Ask for Stronger Water Protections in North Carolina
Join Waterkeepers Carolina to strengthen water quality standards. Ask North Carolina’s Department of Environmental Quality (DEQ) to adequately protect our waters and
ensure they are fishable, swimmable, and drinkable for all North
The Clean Water Act requires states to review their water quality standards and classifications every three years and make any necessary modifications to ensure the protection of our waters. During this process, called the Triennial Review, North Carolina’s Department of Environmental Quality (DEQ) reviews current EPA guidelines, scientific data, and public comments and will make recommendations for changes to standards to the NC Environmental Management Commission (EMC). The Triennial Review is currently underway and this is your opportunity to let DEQ know that North Carolinians deserve stronger water protections.
This year, the EMC proposed a few changes to water quality standards, however, Waterkeepers Carolina believes additional updates are needed to adequately protect our waters and ensure they are fishable, swimmable, and drinkable for all North Carolinians. This is your opportunity to make the case to the EMC that additional updates are important to the public.
Waterkeepers Carolina has identified bacteria, harmful algal blooms, and PFAS as priority issues impacting water quality and communities across the state and will be highlighting these issues during the Triennial Review with the following recommendations.
- Bacteria: Establish a statewide E.coli standard as the pathogenic indicator in all surface waters
Based on water quality sampling conducted by your Riverkeepers, bacteria in our waterways is a widespread problem across the state. Fecal bacteria end up in our waterways from a variety of sources, including leaking septic systems, improperly functioning wastewater treatment plants, stormwater runoff, and industrial animal agriculture operations’ waste. When people come into contact with water containing high levels of E.coli or fecal contamination, it is a public health issue and can cause gastrointestinal illness, eye infections, and skin irritations. Currently, fecal coliform is used by the state of North Carolina to detect bacteria levels, however, the presence of E. coli in water is the best available indicator of recent fecal waste contamination and is the recommended standard for recreational waters by EPA. The EMC has proposed that 19 counties in the western part of North Carolina establish the E.coli standard; we believe this should be extended statewide.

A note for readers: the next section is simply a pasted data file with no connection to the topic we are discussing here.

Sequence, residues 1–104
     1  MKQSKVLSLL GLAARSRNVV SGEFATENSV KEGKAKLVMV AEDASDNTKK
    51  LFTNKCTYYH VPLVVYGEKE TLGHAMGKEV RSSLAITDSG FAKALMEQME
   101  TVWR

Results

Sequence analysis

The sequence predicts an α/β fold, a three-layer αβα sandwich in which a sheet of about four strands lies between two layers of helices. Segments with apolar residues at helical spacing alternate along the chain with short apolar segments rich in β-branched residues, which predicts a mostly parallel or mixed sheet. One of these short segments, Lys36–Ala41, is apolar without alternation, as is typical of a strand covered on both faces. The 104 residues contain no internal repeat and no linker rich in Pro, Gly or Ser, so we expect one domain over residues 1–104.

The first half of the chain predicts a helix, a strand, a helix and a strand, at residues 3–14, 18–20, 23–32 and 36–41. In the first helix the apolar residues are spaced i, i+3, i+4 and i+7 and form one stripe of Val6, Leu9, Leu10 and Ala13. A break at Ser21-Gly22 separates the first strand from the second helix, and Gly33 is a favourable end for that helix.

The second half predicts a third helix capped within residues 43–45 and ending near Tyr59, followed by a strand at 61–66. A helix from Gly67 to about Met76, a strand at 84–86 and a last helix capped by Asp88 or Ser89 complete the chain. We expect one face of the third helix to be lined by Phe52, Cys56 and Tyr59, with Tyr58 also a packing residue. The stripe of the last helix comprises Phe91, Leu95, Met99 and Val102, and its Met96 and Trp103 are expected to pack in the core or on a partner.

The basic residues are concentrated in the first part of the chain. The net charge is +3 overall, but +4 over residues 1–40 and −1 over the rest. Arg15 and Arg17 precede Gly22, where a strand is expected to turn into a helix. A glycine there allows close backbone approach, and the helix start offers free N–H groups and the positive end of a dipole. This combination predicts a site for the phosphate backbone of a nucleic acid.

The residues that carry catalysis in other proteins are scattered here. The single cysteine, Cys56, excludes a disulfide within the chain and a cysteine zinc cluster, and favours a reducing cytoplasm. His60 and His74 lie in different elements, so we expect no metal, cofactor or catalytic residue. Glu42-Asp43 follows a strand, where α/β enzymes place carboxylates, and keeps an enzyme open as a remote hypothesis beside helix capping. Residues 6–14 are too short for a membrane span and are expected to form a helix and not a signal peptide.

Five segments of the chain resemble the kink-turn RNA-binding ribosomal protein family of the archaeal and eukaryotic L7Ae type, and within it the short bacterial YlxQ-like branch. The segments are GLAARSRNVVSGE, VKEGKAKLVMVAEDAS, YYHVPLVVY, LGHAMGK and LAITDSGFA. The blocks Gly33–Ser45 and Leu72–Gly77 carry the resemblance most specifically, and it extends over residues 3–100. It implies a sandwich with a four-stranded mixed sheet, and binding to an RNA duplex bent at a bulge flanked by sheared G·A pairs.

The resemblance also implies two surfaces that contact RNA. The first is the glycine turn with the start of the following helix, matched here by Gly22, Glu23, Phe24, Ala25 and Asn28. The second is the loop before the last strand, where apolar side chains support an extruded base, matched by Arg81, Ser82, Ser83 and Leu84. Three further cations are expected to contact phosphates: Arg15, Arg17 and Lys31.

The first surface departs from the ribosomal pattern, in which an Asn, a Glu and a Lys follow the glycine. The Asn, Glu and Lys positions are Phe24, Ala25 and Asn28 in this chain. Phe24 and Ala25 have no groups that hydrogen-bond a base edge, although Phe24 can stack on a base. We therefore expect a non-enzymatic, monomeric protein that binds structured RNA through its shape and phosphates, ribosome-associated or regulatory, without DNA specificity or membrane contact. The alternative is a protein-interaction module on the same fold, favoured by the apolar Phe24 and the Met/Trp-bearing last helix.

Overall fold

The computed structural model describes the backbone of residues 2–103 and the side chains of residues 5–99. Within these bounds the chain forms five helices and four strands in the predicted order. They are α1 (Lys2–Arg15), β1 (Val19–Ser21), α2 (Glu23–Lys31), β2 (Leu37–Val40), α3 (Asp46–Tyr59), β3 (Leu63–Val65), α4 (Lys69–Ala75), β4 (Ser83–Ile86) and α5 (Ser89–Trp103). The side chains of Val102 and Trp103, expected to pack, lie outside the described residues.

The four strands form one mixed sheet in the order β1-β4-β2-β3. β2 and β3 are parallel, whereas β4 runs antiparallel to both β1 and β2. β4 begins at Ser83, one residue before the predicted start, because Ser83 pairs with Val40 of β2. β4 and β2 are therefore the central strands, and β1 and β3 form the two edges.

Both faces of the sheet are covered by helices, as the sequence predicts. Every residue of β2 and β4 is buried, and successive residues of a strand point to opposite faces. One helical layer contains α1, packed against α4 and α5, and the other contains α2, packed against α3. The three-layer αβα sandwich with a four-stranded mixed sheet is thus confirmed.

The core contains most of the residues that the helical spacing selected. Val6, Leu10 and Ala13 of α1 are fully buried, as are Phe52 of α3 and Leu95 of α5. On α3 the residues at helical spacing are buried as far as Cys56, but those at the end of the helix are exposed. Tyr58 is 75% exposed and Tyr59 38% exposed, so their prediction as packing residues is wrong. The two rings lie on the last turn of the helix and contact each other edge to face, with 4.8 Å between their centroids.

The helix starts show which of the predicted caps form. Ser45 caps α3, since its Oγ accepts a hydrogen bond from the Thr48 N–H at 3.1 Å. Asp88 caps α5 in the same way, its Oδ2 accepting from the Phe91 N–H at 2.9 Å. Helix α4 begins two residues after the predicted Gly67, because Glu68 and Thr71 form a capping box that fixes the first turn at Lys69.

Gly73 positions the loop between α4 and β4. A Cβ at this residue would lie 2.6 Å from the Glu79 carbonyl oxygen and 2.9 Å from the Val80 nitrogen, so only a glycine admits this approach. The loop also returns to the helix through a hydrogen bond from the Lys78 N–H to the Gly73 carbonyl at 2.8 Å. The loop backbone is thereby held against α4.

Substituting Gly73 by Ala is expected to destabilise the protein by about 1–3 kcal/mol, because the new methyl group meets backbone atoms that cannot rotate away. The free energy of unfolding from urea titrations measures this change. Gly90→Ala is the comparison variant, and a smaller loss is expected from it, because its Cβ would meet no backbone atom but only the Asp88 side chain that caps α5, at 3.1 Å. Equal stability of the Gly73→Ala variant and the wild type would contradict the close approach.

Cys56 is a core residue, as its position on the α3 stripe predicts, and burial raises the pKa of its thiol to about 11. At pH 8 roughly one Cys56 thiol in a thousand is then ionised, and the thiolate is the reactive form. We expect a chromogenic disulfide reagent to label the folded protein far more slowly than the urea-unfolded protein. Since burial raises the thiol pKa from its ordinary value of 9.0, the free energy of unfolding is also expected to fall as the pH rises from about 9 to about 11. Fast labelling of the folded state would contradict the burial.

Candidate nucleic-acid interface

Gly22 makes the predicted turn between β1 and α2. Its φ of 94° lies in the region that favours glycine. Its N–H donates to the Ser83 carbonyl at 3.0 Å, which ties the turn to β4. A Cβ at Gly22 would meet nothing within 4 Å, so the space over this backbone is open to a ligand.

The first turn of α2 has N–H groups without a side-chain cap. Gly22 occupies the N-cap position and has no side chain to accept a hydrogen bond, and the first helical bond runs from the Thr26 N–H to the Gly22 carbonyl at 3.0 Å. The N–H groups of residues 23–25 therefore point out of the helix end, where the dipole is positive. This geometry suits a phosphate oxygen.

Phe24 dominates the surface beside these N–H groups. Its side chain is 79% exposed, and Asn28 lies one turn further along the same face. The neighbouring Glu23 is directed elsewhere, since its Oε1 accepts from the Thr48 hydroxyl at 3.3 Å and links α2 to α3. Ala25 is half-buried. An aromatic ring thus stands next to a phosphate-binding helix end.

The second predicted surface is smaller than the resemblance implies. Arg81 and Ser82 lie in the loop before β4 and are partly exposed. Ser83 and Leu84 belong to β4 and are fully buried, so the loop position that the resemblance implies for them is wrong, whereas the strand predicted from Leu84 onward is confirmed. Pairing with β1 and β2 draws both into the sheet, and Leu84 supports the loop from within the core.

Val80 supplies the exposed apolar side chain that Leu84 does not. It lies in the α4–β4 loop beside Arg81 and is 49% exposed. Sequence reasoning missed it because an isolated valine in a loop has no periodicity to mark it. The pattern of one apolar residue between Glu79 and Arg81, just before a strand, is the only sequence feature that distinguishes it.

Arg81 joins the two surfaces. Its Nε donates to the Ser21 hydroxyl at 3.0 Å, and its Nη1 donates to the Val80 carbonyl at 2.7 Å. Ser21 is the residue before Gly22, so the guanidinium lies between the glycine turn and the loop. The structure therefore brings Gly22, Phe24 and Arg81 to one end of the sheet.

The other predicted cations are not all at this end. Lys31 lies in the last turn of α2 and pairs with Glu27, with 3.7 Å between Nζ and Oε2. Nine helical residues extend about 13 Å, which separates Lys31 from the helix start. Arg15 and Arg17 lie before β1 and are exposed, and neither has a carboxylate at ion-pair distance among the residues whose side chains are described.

- Algal toxins: Adopt the 2019 EPA-recommended cyanotoxin ambient water-quality criteria for recreational use.
Excess nutrients, mainly nitrogen and phosphorus, in our lakes and rivers can produce algal blooms. In some cases, blooms can be dominated by cyanobacteria, which may produce toxins that can adversely affect drinking water and endanger humans, pets, and aquatic life. These blooms are known as Harmful Algal Blooms or “HABs.” Currently, North Carolina does not have an ambient water quality standard for cyanobacteria or related cyanotoxins. Unfortunately, the state is not currently proposing one during the Triennial Review. EPA has recommended recreational use water quality criteria for two of the most common cyanotoxins, microcystins, and cylindrospermopsin. The EMC should adopt the 2019 EPA-recommended cyanotoxin ambient water-quality criteria for recreational use. In addition, the state should increase funding for the NCDEQ and the NC Department of Health and Human Services to monitor, identify, and respond to potential HABs, including posting swim advisories warning the public about HABs.
- PFAS: Adopt Surface Water Quality standards for PFAS as a class
Per- and polyfluoroalkyl substances (PFAS) are a group of man-made chemicals that includes PFOA, PFOS, and GenX. They’re often referred to as “forever chemicals” because they don’t easily break down and accumulate in the environment and human body. In recent years, North Carolina has become a focus of nationwide concern around drinking water contamination from PFAS compounds. We know that the source of these contaminants is from industrial pollution and landfill leachate through wastewater effluent to surface waters, land application of contaminated biosolids, and air emissions. North Carolina can not afford to wait to regulate PFAS compounds; communities have been drinking contaminated water for decades and are continuing to be exposed every day. Compounds in this class of pollutants share similar health risks, even at low detection levels. Based on the available science, a standard of no more than 20 ppt for the sum of all PFAS should be adopted.
Send a letter now to ask for these provisions to protect North Carolina's clean water.